Q&A: Greg Wilson

We caught up with master of the edit, Greg Wilson before his upcoming appearance at the Eastern Electric Festival in August. We’re big fans of Greg here at FMLB and this pioneering DJ has influenced an incredible amount of what is seen and heard in today’s scene.

Thanks for taking the time to answer some questions Greg, what have you been up to recently?

Apart from the ongoing DJ stuff I’ve finally managed to make a start on recording some of my own tracks. This has been the intention for the past couple of years, but I haven’t been able to set aside the time until now. Hopefully I’ll have a few bits to play out pretty soon.

You’re highly regarded as one of the masters of the ‘edit’, can you explain and give our readers an insight into the process behind making one of your edits?

It’s pretty much a means to an end. I edit something to play it out, so it might be a simple extension, or something a bit more complex – you approach each edit on its own terms. Often people over edit a track, when less would, as they say, have been more. It’s all about making the track more DJ friendly in the modern context.

What’s the difference between cutting an edit by hand or computer, which do you prefer and is that because
of the ease of use?

I used to love tape editing, but given what computers enable you to do, and the time saved working in the digital domain, it’s an antiquated approach, which wouldn’t make any sense in this day and age.

Before the Manchester era, what was it like?

If, by the Manchester era, you mean the late 80’s / early 90’s, when The Hacienda was at its peak, the period leading up to that, from the late 70’s onward, when the underground black scene really came to the fore, was a special time.

We were right at the cutting-edge of things, playing the latest music out of New York, hot off the press, so to speak, on import. Without the foundations being laid during this time, The Hacienda could never have become the legendary venue it was, viewed, all these years later, with almost mythical awe.

What was your favourite party of the era?

Legend every Wednesday circa 82/83, although I wouldn’t have used the word party – it was a deeper, more serious thing, tied-in with the social conditions of the time and the racial issues which affected the audience I played for, who were predominantly black, and to whom music and dancing provided a necessary release from their harsh everyday realities and pressures.

It doesn’t get any better for a DJ like myself, who started out with aspirations to be a black music specialist. To find myself working at the cusp of this scene, not on a local, but national level, was the fulfuillment of all my ambitions.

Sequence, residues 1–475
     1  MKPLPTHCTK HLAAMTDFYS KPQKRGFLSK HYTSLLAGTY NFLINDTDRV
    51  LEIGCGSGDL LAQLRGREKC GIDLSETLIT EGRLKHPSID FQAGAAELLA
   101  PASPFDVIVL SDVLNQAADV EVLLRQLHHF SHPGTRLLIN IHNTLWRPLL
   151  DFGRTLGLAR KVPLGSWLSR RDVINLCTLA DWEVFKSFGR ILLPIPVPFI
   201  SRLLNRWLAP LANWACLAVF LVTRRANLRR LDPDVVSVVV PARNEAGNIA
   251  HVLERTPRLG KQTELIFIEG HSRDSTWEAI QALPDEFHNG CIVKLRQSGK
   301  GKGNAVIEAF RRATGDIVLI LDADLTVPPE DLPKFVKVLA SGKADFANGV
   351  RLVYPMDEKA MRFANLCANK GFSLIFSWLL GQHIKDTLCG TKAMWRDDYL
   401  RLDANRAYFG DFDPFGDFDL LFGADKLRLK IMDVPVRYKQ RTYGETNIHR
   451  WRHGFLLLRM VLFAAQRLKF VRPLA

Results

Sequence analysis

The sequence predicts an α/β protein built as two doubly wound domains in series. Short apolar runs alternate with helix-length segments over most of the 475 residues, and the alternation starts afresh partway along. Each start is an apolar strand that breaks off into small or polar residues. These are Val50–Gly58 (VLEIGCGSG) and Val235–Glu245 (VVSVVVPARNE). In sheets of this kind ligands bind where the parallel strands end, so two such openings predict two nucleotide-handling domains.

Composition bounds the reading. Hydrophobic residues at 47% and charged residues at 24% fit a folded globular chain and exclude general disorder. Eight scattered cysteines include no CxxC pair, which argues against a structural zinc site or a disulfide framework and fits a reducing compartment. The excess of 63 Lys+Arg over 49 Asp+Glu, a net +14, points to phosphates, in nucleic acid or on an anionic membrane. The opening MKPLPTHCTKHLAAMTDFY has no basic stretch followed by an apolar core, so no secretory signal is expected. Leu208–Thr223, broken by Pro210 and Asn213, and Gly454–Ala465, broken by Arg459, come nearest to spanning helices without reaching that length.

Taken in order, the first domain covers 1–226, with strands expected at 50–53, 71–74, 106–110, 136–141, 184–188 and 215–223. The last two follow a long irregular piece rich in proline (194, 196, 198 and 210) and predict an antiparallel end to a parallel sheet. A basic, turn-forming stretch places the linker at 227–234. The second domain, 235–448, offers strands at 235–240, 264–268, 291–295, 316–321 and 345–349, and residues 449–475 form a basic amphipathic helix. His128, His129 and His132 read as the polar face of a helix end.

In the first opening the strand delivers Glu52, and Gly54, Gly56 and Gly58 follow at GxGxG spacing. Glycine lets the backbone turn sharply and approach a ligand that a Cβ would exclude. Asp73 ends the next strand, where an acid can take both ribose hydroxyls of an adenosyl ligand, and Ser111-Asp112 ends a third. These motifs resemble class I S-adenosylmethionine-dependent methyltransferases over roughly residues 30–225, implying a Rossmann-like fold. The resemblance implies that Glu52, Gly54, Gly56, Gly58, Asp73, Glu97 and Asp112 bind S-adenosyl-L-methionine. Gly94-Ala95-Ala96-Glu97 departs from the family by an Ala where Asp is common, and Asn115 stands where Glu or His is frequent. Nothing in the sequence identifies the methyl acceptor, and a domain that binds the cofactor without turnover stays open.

Biography

Greg began DJing in 1975 and is regarded as one of the most important figures on the UK dance scene. He enjoyed hugely popular residencies in the early eighties at Wigan Pier and Manchester’s majorly influential Legend. He was a pioneer of mixing in
the UK and in 1983 he became the first ‘dance music’ DJ hired for a regular weekly session at Manchester’s now legendary Hacienda club. Greg was instrumental in breaking the new electronic, post-disco records coming out of New York, a sound he has dubbed ‘Electro-Funk’.

In 2003 he set up his own website electrofunkroots to document this crucial era in the evolution of dance culture.

After retiring from DJ work at the end of 1983, Greg returned to spinning records 2 decades later to massive acclaim, with red-hot appearances at renowned nights including Electric Chair, Horse Meat Disco, Fabric, Back To Basics, Ministry Of Sound, Asylum, Melting Pot and the Sub Club, to name but a few. He’s also appeared in the US, Australia and various European countries during recent years, plus a number of major festivals in the UK and Ireland. In 2005 Tirk Records released ‘Credit to the Edit’, a compilation of re-edits spanning Greg’s entire career, some even original tape edits from back in the day (Greg still uses his trusty old Revox reel-to-reel tape machine when DJing out).

This wasn’t Greg’s first compilation either, having collaborated on most of the tracks to appear on the Street Sounds ‘UK Electro’ LP in 1984, as well as being the selector behind the ‘Classic Electro Mastercuts’ LP in 1994. Other firsts for Greg include being the first DJ to mix live on British TV (the Tube in 1983), putting together the first UK radio mixes of their type for Piccadilly 261 in Manchester (beginning 1982) and showing a certain Norman Cook how to scratch (Dec ’83).

Greg has written for magazines / webzines like Wax Poetics, Grand Slam and Discopia, and has a monthly online radio series, ‘Time Capsule’, on Samurai FM.

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